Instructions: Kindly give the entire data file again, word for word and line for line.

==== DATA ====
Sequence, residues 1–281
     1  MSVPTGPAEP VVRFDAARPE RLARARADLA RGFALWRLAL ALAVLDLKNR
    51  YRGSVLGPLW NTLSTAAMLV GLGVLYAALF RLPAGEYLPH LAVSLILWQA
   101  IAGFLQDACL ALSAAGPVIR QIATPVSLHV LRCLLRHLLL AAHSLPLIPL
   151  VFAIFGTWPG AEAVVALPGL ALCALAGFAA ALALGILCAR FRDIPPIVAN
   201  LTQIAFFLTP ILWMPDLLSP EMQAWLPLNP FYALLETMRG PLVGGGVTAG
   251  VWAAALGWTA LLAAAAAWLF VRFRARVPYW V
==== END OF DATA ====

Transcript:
Sequence, residues 1–281
     1  MSVPTGPAEP VVRFDAARPE RLARARADLA RGFALWRLAL ALAVLDLKNR
    51  YRGSVLGPLW NTLSTAAMLV GLGVLYAALF RLPAGEYLPH LAVSLILWQA
   101  IAGFLQDACL ALSAAGPVIR QIATPVSLHV LRCLLRHLLL AAHSLPLIPL
   151  VFAIFGTWPG AEAVVALPGL ALCALAGFAA ALALGILCAR FRDIPPIVAN
   201  LTQIAFFLTP ILWMPDLLSP EMQAWLPLNP FYALLETMRG PLVGGGVTAG
   251  VWAAALGWTA LLAAAAAWLF VRFRARVPYW V